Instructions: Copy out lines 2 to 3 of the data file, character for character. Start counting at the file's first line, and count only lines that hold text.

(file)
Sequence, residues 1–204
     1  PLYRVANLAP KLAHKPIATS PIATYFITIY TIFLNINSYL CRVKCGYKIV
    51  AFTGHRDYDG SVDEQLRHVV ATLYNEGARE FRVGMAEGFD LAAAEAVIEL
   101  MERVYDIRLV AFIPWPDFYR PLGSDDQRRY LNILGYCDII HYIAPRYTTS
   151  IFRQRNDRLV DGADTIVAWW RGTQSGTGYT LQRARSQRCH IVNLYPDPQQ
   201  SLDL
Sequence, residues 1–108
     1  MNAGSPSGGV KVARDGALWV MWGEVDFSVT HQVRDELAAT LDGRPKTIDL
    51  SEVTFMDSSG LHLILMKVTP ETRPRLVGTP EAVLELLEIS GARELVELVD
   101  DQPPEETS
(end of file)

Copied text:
     1  PLYRVANLAP KLAHKPIATS PIATYFITIY TIFLNINSYL CRVKCGYKIV
    51  AFTGHRDYDG SVDEQLRHVV ATLYNEGARE FRVGMAEGFD LAAAEAVIEL